The big Apple event on Tuesday wasn’t that big a deal in my opinion. The iPhone 6 was expected although not in 2 editions but that is the least that Apple had to do to catch up with Android. Apple watch? Meh … sleek industrial design and interesting software options but ultimately I still think that smart watches in general have a limited use.
Couple of reasons why:
- short battery life – until you start using one of these, you won’t realise what an issue that is ( my current Seiko is going on for 4 years now on the same battery, 1 day on a charge for smart watches is a problem)
- you don’t get any health info while your watch is on charge because you can’t wear it at the same time as charging
- security – smart watches can be hacked; do you really want your health and personal info out there for all to see? And how do the vendors handle your privacy and security?
- you still need a phone to use in conjunction with most smart watches – no phone? limited usefulness …
So onto the main crux of this article: Apple’s new NFC-based payment system. What’s new? Well pretty much nothing that hasn’t been done before – think Google Wallet. They have some good integration with Touch ID on the iPhone, and the on-board security chip, along with agreements with a number of American banks and the 3 main payment networks AMEX, Mastercard and Visa. The only benefit Apple brings to the table is a large user base as well as a knack for popularizing systems like this. And that is it.
With Apple stepping into the NFC payments game we will see a large increase in the people using it. This of course will lead to security and privacy concerns, not only in potential vulnerabilities in the technology itself and how criminals can exploit them. But also in how users may not secure their devices, and therefore their electronic wallets, properly. Some banks are even putting transaction limits in place as a form of risk analysis/protection.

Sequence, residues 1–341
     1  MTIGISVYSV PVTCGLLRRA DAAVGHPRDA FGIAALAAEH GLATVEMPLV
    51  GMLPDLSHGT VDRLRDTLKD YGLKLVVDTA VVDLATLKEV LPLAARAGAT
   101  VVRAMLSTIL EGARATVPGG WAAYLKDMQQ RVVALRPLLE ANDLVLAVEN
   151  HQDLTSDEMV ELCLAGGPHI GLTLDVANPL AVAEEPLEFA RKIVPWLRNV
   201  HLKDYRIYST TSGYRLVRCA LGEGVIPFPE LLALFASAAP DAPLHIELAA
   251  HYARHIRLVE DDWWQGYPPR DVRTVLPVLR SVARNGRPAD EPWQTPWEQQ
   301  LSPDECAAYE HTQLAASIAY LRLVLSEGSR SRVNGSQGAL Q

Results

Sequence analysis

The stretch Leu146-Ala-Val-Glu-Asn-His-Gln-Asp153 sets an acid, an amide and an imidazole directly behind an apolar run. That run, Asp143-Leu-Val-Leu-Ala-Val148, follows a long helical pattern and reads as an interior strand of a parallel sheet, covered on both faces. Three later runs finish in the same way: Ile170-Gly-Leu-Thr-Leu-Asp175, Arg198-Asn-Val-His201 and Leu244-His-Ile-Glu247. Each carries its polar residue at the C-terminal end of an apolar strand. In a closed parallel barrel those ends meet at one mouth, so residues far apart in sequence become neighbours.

Although the recent nude celebrities hack on iCloud wasn’t entirely Apple’s fault, this episode goes to show how far end users and vendors have to go to understand personal security and privacy properly. And that’s the crux of the matter. We’ll also have to see how country-specific consumer rights, privacy and legal laws impact on a global product like this.
But security is always a primary concern. And while Apple has promised fixes to iCloud and iOS in the next period, the perception of Apple’s security is not good, and their track record is similarly poor.
Anyone can spend $1500 buying Elcomsoft’s iOS Forensic Toolkit or $79 on the Phone Password Breaker and proceed to literally pull an iPhone apart, getting access to pretty much every single piece of data you’ve ever put on there. There are also cheaper ( $0 ) hacks out there involving an iPhone and iTunes running on a Windows machine. Scary stuff when you’re storing potentially vital personal data on your phone.
So what else can we say about Apple Pay? There are some more practical issues:
- battery life of your phone will suffer with having NFC switched on all the time ( I can’t see people turning it on and off when required )
- there is a much wider attack surface with NFC being switched on all the time, potentially leading to a security nightmare
- the payment industry is actually moving away from NFC towards bio-metrics
- many US retailers and banks have cited the high cost of NFC-enabled payment equipment as a reason for not going all in
So, while I think Apple could be moderately successful with something like this, there are significant issues to be worked out in the practical implementation. We’ll see …